Blueberries just waiting to be plucked

Crews are a quarter way through harvest

Because of cooler

Because of cooler

You may not have enjoyed the first part of this summer, but just wait for what’s coming: fat and juicy blueberries, just waiting to be plucked.

This year promises to be a good harvest for blueberries.

“This year, the weather has been cooler and therefore the quality should be better,” said Gary Purewal, with Purewal Blueberry Farms on Hale Road in Pitt Meadows.

Crews are about a quarter way into the harvesting of 400 hectares of blueberries, which they’ll process into fresh and frozen packages in their Pitt Meadows plant and ship to the U.S., Australia and Japan.

The cooler, wetter weather in early summer has meant the crop has been spared the withering heat, which can shrink berries, although a virus is causing some crop losses.

Instead, the blueberries have grown juicier and now await final ripening as the sun shines.

Prices have also bounced back from last year.

“Prices look good. Prices have been significantly on the rise compared to last year,” Prewal said.

“It’s shaping up to be a pretty good year for growers, packers and retailers.”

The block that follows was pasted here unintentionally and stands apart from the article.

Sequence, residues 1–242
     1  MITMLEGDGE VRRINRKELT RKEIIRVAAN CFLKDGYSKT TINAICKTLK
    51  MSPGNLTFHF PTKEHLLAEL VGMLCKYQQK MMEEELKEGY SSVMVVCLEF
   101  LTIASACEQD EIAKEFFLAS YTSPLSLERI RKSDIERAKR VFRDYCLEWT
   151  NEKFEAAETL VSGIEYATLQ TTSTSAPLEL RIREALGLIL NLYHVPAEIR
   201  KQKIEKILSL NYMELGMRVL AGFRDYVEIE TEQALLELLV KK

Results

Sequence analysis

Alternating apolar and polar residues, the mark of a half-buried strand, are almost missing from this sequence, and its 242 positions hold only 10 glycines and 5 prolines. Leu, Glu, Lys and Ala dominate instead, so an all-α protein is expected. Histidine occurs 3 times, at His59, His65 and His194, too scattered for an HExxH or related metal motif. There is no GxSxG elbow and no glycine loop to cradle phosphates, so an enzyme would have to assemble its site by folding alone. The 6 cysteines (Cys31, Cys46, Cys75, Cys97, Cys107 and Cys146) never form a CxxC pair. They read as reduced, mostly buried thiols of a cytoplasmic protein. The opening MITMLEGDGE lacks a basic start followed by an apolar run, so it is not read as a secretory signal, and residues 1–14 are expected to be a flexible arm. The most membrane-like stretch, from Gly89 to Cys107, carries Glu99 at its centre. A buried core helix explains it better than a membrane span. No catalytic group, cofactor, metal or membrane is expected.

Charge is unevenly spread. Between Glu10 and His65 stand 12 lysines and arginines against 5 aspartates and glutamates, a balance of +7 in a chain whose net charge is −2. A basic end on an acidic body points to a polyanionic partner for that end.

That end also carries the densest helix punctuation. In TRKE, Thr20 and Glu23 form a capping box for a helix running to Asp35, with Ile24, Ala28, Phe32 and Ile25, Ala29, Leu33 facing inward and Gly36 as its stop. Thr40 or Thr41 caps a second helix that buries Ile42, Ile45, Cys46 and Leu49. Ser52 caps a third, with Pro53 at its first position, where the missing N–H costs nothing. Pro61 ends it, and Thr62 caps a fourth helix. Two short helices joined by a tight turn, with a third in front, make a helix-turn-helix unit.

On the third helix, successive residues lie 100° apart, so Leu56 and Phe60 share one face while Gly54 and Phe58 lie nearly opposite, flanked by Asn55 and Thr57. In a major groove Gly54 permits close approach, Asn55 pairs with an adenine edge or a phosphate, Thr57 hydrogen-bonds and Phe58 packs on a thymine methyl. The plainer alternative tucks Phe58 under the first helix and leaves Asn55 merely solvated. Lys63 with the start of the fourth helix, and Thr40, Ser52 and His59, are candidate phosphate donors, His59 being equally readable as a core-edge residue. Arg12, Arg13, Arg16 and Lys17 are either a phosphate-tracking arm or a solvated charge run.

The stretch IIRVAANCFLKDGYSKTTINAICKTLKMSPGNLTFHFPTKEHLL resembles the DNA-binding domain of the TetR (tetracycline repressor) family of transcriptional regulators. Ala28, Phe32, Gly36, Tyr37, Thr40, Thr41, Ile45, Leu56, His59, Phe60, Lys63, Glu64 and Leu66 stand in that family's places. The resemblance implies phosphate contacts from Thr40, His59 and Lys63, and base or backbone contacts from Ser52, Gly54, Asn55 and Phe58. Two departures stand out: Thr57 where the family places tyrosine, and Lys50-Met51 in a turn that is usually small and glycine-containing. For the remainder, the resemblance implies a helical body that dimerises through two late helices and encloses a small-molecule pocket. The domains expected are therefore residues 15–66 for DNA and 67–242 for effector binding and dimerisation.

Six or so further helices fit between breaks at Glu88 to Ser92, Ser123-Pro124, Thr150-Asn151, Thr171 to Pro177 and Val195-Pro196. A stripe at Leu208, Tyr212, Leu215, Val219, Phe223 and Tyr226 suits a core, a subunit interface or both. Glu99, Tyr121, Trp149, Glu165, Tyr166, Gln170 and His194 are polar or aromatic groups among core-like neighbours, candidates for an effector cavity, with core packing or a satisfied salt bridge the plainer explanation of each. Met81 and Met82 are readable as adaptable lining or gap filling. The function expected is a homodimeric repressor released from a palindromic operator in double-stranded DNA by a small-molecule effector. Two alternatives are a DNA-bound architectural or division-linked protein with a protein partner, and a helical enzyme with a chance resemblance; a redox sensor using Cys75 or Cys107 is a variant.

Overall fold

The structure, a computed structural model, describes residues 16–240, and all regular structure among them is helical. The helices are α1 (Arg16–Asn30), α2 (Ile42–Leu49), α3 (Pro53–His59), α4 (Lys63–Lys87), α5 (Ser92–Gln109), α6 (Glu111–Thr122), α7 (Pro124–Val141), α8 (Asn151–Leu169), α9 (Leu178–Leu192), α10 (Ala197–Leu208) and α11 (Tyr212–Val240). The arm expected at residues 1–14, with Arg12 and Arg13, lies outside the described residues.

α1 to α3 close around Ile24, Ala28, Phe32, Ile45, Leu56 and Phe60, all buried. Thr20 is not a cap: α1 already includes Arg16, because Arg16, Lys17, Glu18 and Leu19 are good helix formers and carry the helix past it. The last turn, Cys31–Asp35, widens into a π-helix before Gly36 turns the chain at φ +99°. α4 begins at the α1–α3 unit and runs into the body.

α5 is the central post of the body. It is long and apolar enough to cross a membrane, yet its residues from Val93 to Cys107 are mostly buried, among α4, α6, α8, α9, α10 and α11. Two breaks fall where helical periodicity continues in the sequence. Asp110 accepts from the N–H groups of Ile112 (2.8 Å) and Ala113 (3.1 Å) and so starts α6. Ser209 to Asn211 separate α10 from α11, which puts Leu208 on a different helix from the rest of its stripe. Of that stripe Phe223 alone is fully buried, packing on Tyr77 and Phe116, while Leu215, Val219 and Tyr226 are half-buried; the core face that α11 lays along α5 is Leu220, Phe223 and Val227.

The cool weather also delayed harvest by a few weeks, which means there is fresh B.C. product at a time when the U.S. crop has finished.

During the summer, Purewal Blueberry Farms employs about 500 workers, 100 of them foreign workers from Mexico. The cooler weather also helps those working on the harvest, he added.

Purewal said improvement in growing techniques, such as pruning and watering, have also helped improve berry quality.

“Off-season farm practices have never been better by growers.”

According to the B.C. Blueberry Council, the wet spring led to a slow growing season – with the benefit of a longer harvest season.

The council represents 700 growers who produce 40 million kilograms of blueberries annually. Canada is the third-largest producer of highbush blueberries in the world, while B.C. produces virtually all of the fresh berry product.

Sales are expected to top $100 million this year in an industry that employs 10,000 people.

Since 2003, the total area in B.C. planted in blueberries has more than doubled to 8,100 hectares.